Edmonton still touts its tenuous link to the Klondike

Edmonton still touts its tenuous link to the Klondike I noted with amusement the article in the Wednesday, April 20 edition of the Yukon News by Myles Dolphin remembering the Klondike Defence Force of the 1960s. Among other things, it consolidated the Yu

I noted with amusement the article in the Wednesday, April 20 edition of the Yukon News by Myles Dolphin remembering the Klondike Defence Force of the 1960s. Among other things, it consolidated the Yukon community’s sense of outrage, and affirmed its strong connection to the historical past.

My wife Kathy and I were in Edmonton some years ago when we asked a cab driver what the Klondike Days were all about. According to him, the gold rush took place just outside of Edmonton. The long line of stampeders struggling up the golden stairs? Why that was just up the Saskatchewan River valley a short distance, he told us!

What alarmed me about this revelation was that Edmonton grasped at an historical event that might have been colourful, but was not central to defining the city’s origins. Seattle could get away with claiming a legitimate link to the Klondike – but Edmonton? Celebrating the event year after year has created a false sense of ownership of the event within the public mind of Edmontonians.

If they had to grasp at such a tenuous link to somebody else’s heritage, have they overlooked who they are and what they have become? Oil and agriculture were the foundations upon which the modern province has been built. Have they no grasp of their own history? I think this is a sad indictment of the historians who have failed to fashion a common public perception of identity for Alberta’s capital city.

So they abolished Klondike Days in 2006 and went looking for a new name. And K-Days was the best that they could muster? I did a quick Google search, and as of 2013, I see they are still referring to the Edmonton event as Klondike Days and to “Reliving the gold rush.” They pan for gold and lines of high-kicking dancers perform the can-can. Further Google searching reveals that they are competing with Eagle River, Wisconsin for the title of Klondike Days.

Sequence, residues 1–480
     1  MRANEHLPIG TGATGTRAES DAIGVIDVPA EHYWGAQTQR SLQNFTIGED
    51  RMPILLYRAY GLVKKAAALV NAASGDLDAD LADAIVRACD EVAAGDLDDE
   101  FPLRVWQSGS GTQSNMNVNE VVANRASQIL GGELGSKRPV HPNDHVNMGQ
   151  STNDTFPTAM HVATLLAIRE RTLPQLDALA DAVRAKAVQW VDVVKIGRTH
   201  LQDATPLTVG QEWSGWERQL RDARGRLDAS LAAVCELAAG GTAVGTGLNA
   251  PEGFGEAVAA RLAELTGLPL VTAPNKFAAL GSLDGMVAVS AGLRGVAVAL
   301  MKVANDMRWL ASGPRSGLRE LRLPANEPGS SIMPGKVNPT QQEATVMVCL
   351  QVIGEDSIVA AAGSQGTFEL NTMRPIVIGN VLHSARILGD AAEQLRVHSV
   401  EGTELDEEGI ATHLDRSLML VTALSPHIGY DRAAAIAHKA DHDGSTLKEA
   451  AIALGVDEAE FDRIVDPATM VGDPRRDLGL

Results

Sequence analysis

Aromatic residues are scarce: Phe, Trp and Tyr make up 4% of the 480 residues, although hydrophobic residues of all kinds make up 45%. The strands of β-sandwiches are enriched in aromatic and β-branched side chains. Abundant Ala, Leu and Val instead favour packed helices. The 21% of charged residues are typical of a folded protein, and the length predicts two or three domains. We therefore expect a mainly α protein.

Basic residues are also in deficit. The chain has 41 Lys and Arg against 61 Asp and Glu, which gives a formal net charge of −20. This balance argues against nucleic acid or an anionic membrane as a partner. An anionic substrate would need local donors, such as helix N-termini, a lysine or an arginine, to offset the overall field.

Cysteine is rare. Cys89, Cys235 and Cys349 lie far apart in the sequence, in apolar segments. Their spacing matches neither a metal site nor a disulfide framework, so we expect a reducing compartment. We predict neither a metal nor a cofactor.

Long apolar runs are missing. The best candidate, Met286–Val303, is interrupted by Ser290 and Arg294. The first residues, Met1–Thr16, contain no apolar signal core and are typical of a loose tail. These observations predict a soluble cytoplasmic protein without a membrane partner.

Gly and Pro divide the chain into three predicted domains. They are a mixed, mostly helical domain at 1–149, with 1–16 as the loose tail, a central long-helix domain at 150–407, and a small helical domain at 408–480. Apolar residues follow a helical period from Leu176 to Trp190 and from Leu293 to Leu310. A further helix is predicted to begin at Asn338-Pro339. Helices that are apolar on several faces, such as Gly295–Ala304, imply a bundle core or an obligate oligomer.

C’mon Edmonton, you can do better than that!

Michael Gates

Whitehorse

Just Posted

Yukon government outlines proposed pot rules

Opposition says revealed plans short on specifics

Yukon Court of Appeal to hear arguments in Blackjack case

Family of Carmacks woman who died during 2013 medevac wants public inquiry

Casino aims to start YESAB panel review by end of 2018

‘Elephant in the room’ a 286-metre tailing pond wall

Human rights hearing over Destruction Bay pantsing put off until next year

Motel co-owner accused in case did not attend hearing due to illness

Survey this: How does Yukon’s health care rate?

Since the government loves questionnaires so much, how about one on health care?

Beware of debt

Don’t be a Trudeau, Silver

Project near Takhini Hot Springs to measure Yukon’s geothermal potential

The results could open the door for a new, green way of generating power in the Yukon

Straight and true: the story of the Yukon colours

Michael Gates | History Hunter Last week, I participated in the 150th… Continue reading

Get ready to tumble: Whitehorse’s Polarettes to flip out at fundraiser

‘There’s a mandatory five-minute break at the end, just so people don’t fall over’

Alaska’s governor goes to China

There are very different rules for resource projects depending on which side of the border you’re on

Yukon survey shows broad support for legal pot

But there’s no consensus on retail and distribution models

Most Read